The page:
Guitar Kinetics Fundamentals

The basics of movement mechanics on guitar.

Hey folks, let's get straight to it.

The basics of good form (ergonomics) and the study of movement (kinesiology) is a foundational building block of playing any instrument. If guitar is a tool to make music, let's look at the mechanics of correctly building speed, strength, and dexterity. Below is an overview of hand technique, body mechanics, and efficient conservation of motion and energy to play like you struck a deal with the devil.

Attention / Awareness

Pay attention. It sounds simple, but like a form of meditation it can take a lifetime to master. If you can focus your attention on something and notice all the details you're gold. "The devil is in the details."

β€œIt's not about the number of hours you practice, it's about the number of hours your mind is present during the practice.” β€” Kobe Bryant

If you're self learning record yourself (video & sound) to check your form. Review and correct during the practice session.

Muscle memory

The hand is one of the most complex movement machines ever made. Thousands of years of evolution have made it extraordinary good at fine motor skills, coordination, and flexibility. Repetition of an action creates physical changes in your nerves that help you to perform that action more accurately. This is called muscle memory.

*It can work for you or against you. It is extremely important that you practice the correct movement and not various combinations of correct/ incorrect or you will get inconsistent results.

  • Practice the movement slowly and accurately with no tension in the muscles. I'm talking ≀ 0.25 youtube playback speed slow. "Slow is smooth and smooth is fast."

Watch how a great player is producing a sound you like. Take inspiration from how efficient they are. This is a good move to learn a technique.

  • Pay attention to muscle tension. Relax.

During all movements pay attention to your muscle tension in your fingers, hand, and forearm. Practice keeping muscles relaxed. Tension in muscles can be a hard thing to grasp at first. Some tips: stretch exercises targeting correct muscle groups, read about biomechanics, smoke weed (for the perspective shift & increased body awareness), and meditate.

  • It's OK to look at your fingers move when you practice. The muscle memory you develop is not tied to your vision system.

Finger Independence

Finger independence is important factor in efficiency of movement. It influences your strength, speed, and dexterity. It is built with a deliberate practice routine and practiced using the above principles of muscle memory. You can build this with anything you practice on guitar: finger exercises, techniques, riffs, licks, chord changes, strumming patterns, finger picking, etc.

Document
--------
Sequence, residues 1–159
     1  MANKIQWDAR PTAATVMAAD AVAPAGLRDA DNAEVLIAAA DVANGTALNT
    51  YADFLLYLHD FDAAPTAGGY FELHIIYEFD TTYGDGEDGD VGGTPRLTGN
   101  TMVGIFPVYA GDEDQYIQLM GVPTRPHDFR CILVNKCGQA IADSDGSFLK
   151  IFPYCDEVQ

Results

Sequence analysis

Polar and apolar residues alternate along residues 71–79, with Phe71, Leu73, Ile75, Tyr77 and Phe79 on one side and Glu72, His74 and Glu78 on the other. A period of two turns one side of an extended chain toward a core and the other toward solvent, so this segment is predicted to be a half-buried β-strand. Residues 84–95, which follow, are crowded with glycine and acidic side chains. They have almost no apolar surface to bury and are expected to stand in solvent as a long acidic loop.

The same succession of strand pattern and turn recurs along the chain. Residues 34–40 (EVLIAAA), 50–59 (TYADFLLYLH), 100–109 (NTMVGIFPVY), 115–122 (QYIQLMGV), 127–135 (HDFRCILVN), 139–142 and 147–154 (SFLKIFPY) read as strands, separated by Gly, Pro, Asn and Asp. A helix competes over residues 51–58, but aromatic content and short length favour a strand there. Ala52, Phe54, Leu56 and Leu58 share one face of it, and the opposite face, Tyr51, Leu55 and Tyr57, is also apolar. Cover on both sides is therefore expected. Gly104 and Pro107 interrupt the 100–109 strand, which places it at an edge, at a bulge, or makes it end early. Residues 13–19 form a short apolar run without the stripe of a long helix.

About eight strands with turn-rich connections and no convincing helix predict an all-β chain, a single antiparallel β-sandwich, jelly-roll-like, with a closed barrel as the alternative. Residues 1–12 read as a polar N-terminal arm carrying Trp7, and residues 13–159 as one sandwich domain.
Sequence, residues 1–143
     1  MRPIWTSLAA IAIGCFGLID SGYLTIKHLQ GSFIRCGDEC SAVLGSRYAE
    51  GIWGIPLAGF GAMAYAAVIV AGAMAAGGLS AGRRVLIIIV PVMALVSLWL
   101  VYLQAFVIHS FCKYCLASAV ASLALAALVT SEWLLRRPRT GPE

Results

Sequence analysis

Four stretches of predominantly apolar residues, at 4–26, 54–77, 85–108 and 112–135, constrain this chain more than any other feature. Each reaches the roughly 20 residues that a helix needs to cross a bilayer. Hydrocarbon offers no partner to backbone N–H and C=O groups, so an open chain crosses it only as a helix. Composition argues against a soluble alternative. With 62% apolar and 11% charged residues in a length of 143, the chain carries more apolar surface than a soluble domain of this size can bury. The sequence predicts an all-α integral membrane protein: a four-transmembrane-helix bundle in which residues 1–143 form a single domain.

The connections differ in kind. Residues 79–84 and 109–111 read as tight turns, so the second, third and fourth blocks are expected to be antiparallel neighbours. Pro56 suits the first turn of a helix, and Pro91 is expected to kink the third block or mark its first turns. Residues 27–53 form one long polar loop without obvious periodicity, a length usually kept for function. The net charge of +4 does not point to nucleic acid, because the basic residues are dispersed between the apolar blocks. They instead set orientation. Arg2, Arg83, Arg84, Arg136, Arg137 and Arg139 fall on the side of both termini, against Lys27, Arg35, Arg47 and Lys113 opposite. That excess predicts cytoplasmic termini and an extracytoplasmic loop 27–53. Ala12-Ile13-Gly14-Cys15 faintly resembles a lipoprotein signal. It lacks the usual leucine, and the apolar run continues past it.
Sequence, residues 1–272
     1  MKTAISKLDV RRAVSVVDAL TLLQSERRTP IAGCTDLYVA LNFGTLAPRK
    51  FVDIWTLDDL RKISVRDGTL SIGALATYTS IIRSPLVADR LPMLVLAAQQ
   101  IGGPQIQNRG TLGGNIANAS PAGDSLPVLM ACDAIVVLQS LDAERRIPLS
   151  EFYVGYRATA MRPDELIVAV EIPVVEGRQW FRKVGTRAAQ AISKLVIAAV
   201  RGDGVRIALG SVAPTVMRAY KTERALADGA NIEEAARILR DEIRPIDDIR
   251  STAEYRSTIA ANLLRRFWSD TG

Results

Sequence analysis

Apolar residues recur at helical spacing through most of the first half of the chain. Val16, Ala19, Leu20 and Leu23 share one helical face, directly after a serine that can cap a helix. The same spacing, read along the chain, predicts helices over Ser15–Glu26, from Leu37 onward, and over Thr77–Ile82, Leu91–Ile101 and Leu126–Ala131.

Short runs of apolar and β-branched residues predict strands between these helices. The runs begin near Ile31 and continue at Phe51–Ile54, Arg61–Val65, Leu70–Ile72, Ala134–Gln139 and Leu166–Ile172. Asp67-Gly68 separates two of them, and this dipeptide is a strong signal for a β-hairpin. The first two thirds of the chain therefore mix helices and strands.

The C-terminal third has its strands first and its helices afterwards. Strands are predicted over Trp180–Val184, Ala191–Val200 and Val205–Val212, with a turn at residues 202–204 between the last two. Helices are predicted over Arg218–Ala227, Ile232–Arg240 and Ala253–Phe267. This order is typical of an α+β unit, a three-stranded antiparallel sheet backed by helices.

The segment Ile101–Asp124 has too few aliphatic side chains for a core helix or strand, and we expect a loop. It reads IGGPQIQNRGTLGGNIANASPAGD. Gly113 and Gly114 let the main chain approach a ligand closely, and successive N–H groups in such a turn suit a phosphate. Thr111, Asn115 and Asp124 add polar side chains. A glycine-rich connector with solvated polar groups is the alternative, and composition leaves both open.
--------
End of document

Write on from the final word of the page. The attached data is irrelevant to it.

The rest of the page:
• Break everything down into very small micro movements.

[ex] Notice how if you set down your ring finger to play a note and it results in your pinky moving involuntarily. Isolate that movement and work on getting the pinky finger to relax to develop finger independence.

  • Don't use both hands when doing finger exercises. Do it with complete attention, one finger at a time.
  • When practicing this to learn a technique, it's about the movement, not the timing. Don't use a metronome. Don't worry about tempo. Focus on the motions until you get the independence down, then bring it into a focused practice routine and see how it holds up when playing in time.

Placement & Movement Mechanics

Practice good form from top to bottom. Make it consistent. Seek out the details of the techniques. Pay attention to your efficiency of movement, relaxation, and synchronization.

[ex] Fret hand placement: correct finger tip placement, wrist angle, and thumb placement are critical to prevent future injury and get the best sound out of your guitar. It can change depending on what you're doing (i.e. playing scales vs. bending notes).

Economy of Motion

Take a logical look and apply the basic rules of physics to your advantage to play notes with force but at the same time the least amount of motion and effort. The goal is to make your guitar playing sound the way you want, while using the most efficient technique to achieve that goal.

  • Economy, alternative, sweep picking techniques.
  • Chord changes: have an anchor finger.

[ex] If you're changing between two chords and you can keep a finger on the same fret or string, keep it down.

  • Reference point: you learn the feel for where each string is in relation to a reference point.

[ex] Fingers resting on the pick guard or the edge of your palm resting on the bridge. The anchor point.


Patience. This is not a skill that develops quickly. This isn't going to be a 4, 8, or 16 week thing. It may feel like you hit a plateau at some point; keep going. That practice compounds and will eventually pay off with a breakthrough. You will develop better feel, tone, and timing.

Catch you on the flip side,
Uncle Mike